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APPENDIX 3. PRINCIPLES GOVERNING THE IDENTIFICATION OF STANDARD DEPARTURE AND ARRIVAL ROUTES AND ASSOCIATED PROCEDURES (See Chapter 2, 2.11.3)

Note.— Material relating to the establishment of standard departure and arrival routes and associated procedures is contained in the Air Traffic Services Planning Manual (Doc 9426).

2. Composition of designators

2.1 Plain language designator 2.1.1 The plain language designator of a standard departure or arrival route shall consist of:

1. Designators for standard departure and arrival routes and associated procedures

a) a basic indicator; followed by

Note.— In the following text the term “route” is used in the meaning of “route and associated procedures”.

b) a validity indicator; followed by c) a route indicator, where required; followed by

1.1

The system of designators shall:

d) the word “departure” or “arrival”; followed by

a) permit the identification of each route in a simple and unambiguous manner;

e) the word “visual”, if the route has been established for use by aircraft operating in accordance with the visual flight rules (VFR).

b) make a clear distinction between:

2.1.2 The basic indicator shall be the name or name-code of the significant point where a standard departure route terminates or a standard arrival route begins.

— departure routes and arrival routes; — departure or arrival routes and other ATS routes; — routes requiring navigation by reference to groundbased radio aids or self-contained airborne aids, and routes requiring navigation by visual reference to the ground;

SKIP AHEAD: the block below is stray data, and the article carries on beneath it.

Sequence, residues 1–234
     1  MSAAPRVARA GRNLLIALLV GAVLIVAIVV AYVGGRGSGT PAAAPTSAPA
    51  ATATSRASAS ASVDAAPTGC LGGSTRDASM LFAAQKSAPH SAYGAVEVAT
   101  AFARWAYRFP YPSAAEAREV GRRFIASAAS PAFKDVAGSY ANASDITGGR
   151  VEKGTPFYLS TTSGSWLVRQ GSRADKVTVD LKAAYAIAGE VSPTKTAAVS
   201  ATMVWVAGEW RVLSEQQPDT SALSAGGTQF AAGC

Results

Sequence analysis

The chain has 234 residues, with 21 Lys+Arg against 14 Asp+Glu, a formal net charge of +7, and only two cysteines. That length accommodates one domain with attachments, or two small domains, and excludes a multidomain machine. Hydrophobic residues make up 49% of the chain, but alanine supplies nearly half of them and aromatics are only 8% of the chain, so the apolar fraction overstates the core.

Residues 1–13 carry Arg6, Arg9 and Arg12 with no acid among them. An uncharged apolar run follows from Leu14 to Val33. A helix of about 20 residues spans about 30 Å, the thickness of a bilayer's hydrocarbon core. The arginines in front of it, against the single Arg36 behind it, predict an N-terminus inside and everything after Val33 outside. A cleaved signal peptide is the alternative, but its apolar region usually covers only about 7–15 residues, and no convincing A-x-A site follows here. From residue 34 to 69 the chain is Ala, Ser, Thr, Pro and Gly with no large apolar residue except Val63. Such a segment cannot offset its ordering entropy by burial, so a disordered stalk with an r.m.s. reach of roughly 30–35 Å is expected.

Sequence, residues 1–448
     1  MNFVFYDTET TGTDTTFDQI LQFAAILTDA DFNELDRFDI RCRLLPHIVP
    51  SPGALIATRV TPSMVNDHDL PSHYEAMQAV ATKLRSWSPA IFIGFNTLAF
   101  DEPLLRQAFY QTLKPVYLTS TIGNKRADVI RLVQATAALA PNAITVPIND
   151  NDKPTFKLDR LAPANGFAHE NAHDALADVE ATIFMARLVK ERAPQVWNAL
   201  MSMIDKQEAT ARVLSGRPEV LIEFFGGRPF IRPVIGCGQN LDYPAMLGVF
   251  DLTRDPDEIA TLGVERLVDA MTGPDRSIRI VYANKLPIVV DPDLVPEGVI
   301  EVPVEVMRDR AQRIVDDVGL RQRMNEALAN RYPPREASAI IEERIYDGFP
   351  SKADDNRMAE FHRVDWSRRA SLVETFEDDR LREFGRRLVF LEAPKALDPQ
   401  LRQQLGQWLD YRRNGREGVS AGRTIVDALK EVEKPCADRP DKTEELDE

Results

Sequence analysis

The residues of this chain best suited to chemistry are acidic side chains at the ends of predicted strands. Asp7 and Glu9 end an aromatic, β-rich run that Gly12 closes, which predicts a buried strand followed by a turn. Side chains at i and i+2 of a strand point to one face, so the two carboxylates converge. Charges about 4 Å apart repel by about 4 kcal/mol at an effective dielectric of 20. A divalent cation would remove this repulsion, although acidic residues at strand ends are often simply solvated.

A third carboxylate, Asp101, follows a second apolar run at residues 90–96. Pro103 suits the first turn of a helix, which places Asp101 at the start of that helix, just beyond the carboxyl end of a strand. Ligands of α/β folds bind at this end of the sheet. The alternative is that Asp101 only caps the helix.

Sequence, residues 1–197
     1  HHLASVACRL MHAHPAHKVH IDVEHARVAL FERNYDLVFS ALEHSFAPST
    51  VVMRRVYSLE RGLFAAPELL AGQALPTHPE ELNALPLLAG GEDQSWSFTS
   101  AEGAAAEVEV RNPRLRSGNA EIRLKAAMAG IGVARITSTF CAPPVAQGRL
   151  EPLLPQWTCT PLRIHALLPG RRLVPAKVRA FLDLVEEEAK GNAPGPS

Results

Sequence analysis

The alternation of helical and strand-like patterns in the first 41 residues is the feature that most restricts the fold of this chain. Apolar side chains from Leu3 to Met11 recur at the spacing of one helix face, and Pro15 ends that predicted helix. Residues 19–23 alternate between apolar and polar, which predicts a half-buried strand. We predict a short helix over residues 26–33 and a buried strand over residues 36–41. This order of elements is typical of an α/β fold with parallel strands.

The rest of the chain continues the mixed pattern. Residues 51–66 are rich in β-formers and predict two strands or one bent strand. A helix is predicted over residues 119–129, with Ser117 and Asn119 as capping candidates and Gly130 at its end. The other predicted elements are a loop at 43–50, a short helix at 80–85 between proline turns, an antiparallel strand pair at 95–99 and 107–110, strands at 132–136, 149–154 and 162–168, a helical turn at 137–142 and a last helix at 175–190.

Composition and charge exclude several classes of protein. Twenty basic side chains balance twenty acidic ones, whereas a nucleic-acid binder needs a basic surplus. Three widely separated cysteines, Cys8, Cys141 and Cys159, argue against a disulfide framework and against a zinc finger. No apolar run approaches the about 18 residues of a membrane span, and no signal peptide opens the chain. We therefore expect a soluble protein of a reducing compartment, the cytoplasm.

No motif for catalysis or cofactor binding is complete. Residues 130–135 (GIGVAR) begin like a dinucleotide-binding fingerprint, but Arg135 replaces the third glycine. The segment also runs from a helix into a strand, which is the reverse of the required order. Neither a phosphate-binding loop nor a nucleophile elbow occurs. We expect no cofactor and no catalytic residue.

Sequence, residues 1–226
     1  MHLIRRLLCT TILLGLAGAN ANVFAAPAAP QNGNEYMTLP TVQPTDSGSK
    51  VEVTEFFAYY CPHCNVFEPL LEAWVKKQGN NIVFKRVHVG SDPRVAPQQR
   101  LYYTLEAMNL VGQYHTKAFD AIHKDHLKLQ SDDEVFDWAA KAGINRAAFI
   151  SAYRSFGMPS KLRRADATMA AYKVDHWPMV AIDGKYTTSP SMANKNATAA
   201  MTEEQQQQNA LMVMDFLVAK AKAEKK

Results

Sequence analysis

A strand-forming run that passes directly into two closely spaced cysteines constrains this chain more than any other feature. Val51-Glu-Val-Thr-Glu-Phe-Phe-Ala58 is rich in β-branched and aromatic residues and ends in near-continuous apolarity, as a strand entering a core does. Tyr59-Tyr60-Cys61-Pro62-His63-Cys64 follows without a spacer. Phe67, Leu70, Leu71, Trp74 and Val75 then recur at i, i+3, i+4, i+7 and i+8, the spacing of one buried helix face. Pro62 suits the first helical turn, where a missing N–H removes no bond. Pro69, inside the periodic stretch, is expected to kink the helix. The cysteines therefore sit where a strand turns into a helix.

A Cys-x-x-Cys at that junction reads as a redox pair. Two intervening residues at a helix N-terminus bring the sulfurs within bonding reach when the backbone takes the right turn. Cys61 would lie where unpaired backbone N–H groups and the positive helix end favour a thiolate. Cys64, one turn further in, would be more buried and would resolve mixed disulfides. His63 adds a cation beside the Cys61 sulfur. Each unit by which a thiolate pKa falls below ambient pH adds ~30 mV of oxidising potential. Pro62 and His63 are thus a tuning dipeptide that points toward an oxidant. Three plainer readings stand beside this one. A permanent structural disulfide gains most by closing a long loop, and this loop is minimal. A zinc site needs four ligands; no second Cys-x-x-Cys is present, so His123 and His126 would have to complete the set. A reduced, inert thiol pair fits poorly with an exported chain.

2.1.3 The validity indicator shall be a number from 1 to 9. 2.1.4 The route indicator shall be one letter of the alphabet. The letters “I” and “O” shall not be used.

c) be compatible with ATS and aircraft data processing and display requirements; d) be of utmost brevity in its operational application;

2.2

The coded designator of a standard departure or arrival route, instrument or visual, shall consist of:

e) avoid redundancy;

a) the coded designator or name-code of the significant point described in 2.1.1 a); followed by

f) provide sufficient possibility for extension to cater for any future requirements without the need for fundamental changes.

b) the validity indicator in 2.1.1 b); followed by

1.2 Each route shall be identified by a plain language designator and a corresponding coded designator. 1.3 The designators shall, in voice communications, be easily recognizable as relating to a standard departure or arrival route and shall not create any difficulties in pronunciation for pilots and ATS personnel. ANNEX 11

Coded designator

c) the route indicator in 2.1.1 c), where required. Note.— Limitations in the display equipment on board aircraft may require shortening of the basic indicator, if that indicator is a five-letter name-code, e.g. KODAP. The manner in which such an indicator is shortened is left to the discretion of operators.

APP 3-1

1/11/01

annex11  

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